Looking around me on the start line, I really got a feel for the size of the field. Forest of Dean Parkrun has a record attendance of just 139, so roughly 4 times smaller than Cannon Hill. The small field did worry me slightly; I had committed the course to memory but I still felt I needed somebody to follow, just in case. The run director called all the noobs forward to better explain the course, the directional signs and the terrain. On “Go”, we began dashing off into deepest, darkest Forest of Dean…

Without a warm-up beforehand, I was incredibly conscious not to go nuts early on. The field quickly dispersed and I found myself chasing a young club runner and somebody else. I wore my trail shoes for extra grip but I still had to keep my wits about me with the regularly changing terrain underfoot. Taking the most efficient line was difficult without a clearly defined route.

Once I’d overtaken the young club runner, I had to pick things up to keep the runners ahead of me in sight. I was full of adrenaline and it was at this point when I realised that I hadn’t taken my espresso shot. No caffeine, no beetroot juice and no warm-up – just great.

Spectators get pretty decent value for money. Lis and her parents had spotted me four times by moving only 20m or so away from the start line.

The forest offered amazing shelter from the elements and there was something very primitive about the venue. Because the Forest of Dean is a working forest, the organisers occasionally need to alter the course to accommodate things like fallen trees for an ever-evolving course.

My legs started to get a hammering from the terrain; muscles that rarely get used during my road runs were working overtime to keep me stable and upright.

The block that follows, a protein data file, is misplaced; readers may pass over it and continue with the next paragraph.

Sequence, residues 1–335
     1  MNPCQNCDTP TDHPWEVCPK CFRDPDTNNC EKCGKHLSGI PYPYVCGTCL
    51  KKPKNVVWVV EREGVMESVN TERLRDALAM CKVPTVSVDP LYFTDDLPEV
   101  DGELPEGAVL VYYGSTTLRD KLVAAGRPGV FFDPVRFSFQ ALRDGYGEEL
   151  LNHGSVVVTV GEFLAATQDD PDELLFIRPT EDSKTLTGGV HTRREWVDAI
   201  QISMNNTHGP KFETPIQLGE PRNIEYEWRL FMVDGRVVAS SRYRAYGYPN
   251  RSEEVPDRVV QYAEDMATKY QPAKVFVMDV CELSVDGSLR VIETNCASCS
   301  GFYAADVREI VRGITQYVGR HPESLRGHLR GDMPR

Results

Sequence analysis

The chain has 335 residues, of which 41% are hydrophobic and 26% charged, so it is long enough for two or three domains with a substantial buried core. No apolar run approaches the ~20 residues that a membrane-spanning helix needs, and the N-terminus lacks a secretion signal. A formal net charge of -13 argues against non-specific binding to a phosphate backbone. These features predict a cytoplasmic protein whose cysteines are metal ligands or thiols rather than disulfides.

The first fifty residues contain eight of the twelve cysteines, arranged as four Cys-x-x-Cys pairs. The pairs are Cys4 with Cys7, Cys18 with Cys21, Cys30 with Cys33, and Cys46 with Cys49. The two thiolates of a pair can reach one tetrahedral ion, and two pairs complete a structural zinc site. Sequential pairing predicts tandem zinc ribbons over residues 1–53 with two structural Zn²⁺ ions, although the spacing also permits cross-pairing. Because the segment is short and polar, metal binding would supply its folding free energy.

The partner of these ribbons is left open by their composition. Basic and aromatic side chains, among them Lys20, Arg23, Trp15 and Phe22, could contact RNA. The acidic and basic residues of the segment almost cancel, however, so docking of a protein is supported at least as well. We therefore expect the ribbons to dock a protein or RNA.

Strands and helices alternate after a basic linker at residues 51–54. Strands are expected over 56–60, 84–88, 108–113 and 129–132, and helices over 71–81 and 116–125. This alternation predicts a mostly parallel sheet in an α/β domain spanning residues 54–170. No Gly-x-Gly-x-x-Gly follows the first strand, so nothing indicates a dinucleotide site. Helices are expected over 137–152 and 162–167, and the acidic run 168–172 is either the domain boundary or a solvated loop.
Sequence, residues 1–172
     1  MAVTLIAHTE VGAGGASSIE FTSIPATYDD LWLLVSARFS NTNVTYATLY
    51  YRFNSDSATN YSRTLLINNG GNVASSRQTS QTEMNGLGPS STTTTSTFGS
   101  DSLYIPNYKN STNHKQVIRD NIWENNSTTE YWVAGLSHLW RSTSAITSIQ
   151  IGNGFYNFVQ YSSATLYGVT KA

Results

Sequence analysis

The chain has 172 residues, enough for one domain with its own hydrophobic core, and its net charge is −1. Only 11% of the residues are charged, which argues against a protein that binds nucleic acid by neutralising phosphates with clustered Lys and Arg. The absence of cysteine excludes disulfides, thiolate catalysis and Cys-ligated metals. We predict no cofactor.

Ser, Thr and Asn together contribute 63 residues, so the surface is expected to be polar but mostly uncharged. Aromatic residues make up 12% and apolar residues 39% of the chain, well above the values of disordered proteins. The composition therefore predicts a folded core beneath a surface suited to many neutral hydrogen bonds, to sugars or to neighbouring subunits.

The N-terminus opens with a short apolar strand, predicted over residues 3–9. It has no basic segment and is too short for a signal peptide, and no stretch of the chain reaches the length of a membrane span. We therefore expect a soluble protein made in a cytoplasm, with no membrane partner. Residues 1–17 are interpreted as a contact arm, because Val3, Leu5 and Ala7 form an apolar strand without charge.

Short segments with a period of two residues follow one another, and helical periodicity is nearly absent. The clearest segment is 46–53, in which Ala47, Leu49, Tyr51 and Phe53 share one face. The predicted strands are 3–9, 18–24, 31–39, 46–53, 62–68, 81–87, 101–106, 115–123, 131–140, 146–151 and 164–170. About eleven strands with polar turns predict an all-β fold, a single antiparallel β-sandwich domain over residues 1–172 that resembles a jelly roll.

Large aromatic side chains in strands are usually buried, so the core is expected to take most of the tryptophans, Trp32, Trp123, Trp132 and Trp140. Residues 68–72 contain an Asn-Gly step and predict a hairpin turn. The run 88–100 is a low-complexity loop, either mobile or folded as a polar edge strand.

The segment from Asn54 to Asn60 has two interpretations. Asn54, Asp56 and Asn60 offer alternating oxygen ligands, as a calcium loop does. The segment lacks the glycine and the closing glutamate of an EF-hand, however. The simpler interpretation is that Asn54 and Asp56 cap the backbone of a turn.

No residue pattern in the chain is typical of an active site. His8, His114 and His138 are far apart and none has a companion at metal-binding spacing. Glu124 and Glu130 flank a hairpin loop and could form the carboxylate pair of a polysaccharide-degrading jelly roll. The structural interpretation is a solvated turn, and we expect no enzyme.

As I suspected early on, my Garmin wasn’t able to keep up with me due to the tree canopies up above.

Andy Yu at Forest of Dean Parkrun

Forest of Dean Parkrun – mad as a box of frogs

With a rough 1km left to go, I had two chasing runners on my tail to pile on the pressure. Shortly afterwards, two marshals pointed out there were just 400m left to go; I had no idea how far this was in the context of the forest so I just kept going. I had almost forgotten that there was a final bend before the finish line, so I went slightly wide and was pleased to hold off the two guys chasing me all the way to the end.

I felt pretty rough after the line. I was very dehydrated and the lack of a warm-up had taken its toll on me. 21:29 was my official finish time and my Garmin had tracked me for 4.8km, chopping off 200m somewhere. In the grand scheme of things, this was a fair time in comparison to somewhere like Newport Parkrun, which is off-road but much flatter and more stable. Despite the poor preparation beforehand, I had a great time at Forest of Dean and would like to return for another crack. It’s not for everybody but for people looking for a different Parkrun experience, it certainly delivers.

Here’s the Garmin data for this run.

10 miles out and back to Usk

There’s a bit of a running gag (pun not intended) that I only seem to drink when I’m in Wales. Visiting Cardiff to see some old friends, I indulged in a few beers and as an incredibly infrequent drinker, the booze made itself known to me during this morning’s long run. I made sure to hydrate appropriately beforehand but due to a sudden influx of sunshine and warm temperatures, my body was sweating like a pig.

I did an out and back route to the town of Usk for 10 miles in total. Plenty of cyclists out and about, but very few runners. One thing about running in rural Wales is the obligatory acknowledgement of other runners on the roads; kinda like an unwritten code.

Here’s the Garmin data for this run.

And here’s this week’s entry from Mark Remy’s The Runner’s Rule Book:

Know the difference between pain and discomfort

A young Alan Webb, the prodigy who in 1999 broke Jim Ryun’s high school mile record, once said of the tough training that lay ahead of him: “There will be a lot of suffering and discomfort. Let it hurt. Let it carry me to faster times.”

Running is all about discomfort – seeking it, feeling it, managing it, overcoming it. And while pain inevitably and occasionally enters the picture (usually as you crest a long hill or kick to the finish line), it should never linger.

Only you can feel this distinction. Just try your best to recognize it and react accordingly: If what you’re feeling is affecting your normal running form, or causing your genuine distress or fear for your well-being, then for goodness’ sake, stop running and seek help.

Short of that? Hey, suck it up.